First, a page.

On 66th Street, Frontage Matters

66th Street is Richfield’s main street, and with a planned reconstruction of 3.5 miles in 2016-17, it has the power to transform this first-ring city. It also has an enormous influence on adjacent South Minneapolis: 66th Street is the longest east-west street south of Lake Street, as well as home to the only major bus line south of Lake. (That bus line also happens to be the only Hi Frequency bus line that does not enter Minneapolis or St. Paul.) Although these transportation aspects are important, the most important aspect in terms of Richfield’s future success is not a question of how many cars, bikes, or buses move on 66th Street. Rather, the most important aspect is something that’s been overlooked in the street planning process so far: the quality of the frontage along it.

Before I go any further, I will note that you have a major opportunity to help create a vital, urban 66th Street by attending the upcoming open house, which will help determine bicycle facilities for the new roadway:

Thursday, May 1, 2014
4:30p-6:30p
Woodlake Nature Center
6710 Lakeshore Dr
(walking distance from buses 4 and 515, and only 3 blocks away from the Bryant Avenue bikeway)


A Postwar World

Although Richfield is laid out on a prewar grid, the majority of its development came after 1950. Remarkably, some areas haven’t changed since. Behold, 66th and Nicollet, home to the Hub:

66th and Nicollet in 1956. Image from MHAPO.

66th and Nicollet in 1956. Image from MHAPO.

66th and Nicollet in 2013. Image from Hennepin County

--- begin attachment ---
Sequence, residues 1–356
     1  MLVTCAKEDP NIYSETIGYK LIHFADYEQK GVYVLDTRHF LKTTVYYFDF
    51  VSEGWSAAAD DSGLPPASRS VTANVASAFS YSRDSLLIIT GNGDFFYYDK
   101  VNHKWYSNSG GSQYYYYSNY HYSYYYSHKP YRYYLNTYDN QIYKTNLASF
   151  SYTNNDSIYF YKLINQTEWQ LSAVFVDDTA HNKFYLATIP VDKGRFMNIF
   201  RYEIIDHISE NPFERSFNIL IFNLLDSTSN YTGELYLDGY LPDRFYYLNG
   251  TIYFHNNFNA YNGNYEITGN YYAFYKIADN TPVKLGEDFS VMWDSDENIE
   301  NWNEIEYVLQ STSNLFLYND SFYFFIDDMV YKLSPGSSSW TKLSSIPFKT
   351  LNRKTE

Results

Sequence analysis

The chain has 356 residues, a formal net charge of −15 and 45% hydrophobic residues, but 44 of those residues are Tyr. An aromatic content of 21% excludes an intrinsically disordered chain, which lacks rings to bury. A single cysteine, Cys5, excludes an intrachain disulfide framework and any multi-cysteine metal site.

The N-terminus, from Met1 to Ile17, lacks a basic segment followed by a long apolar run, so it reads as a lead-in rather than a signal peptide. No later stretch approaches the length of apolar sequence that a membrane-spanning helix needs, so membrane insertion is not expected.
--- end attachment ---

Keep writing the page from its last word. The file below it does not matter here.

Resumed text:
66th and Nicollet in 2013. Image from Hennepin County

The roadway has changed slightly, but you’ll notice the basic function of it has not changed. New turn lanes were added, and some additional trees were planted, but the basic function to move users (mostly cars) from A to B remains. Large parking lots flank all three corners (and may soon cover the fourth). Despite being a major transit node, no development at the intersection actively appeals to transit users.

Newer Attempts

Although 66th and Nicollet remains stagnant, other portions of 66th have seen redevelopment of varying quality. One of the better redevelopments is Woodlake Center and the adjacent Oaks on Pleasant apartments, which have townhome-style frontage on 66th:

The Oaks on Pleasant apartments

The Oaks on Pleasant apartments

It’s unclear how useful these entrances are to residents, as most appear to access the units from structured parking behind the buildings. While it’s pleasantly built, the public-facing spaces appear underutilized.

One of the largest redevelopment projects along 66th is Cedar Point Commons, home to Target and Home Depot. This complex is also one of the worst in terms of frontage. This small, far-eastern portion of 66th was reconstructed more recently, and is much more attractive than older portions. It includes boulevard trees, pedestrian-scale lighting, wider sidewalks, and landscaped medians. If you don’t think very hard about it, it’s a pleasant street.

66th Street adjacent to Cedar Point Commons

66th Street adjacent to Cedar Point Commons

Unfortunately, if you do think hard about it — or turn your head slightly to the left — you see the problem: the frontage is made up of fire exit doors and gas meters.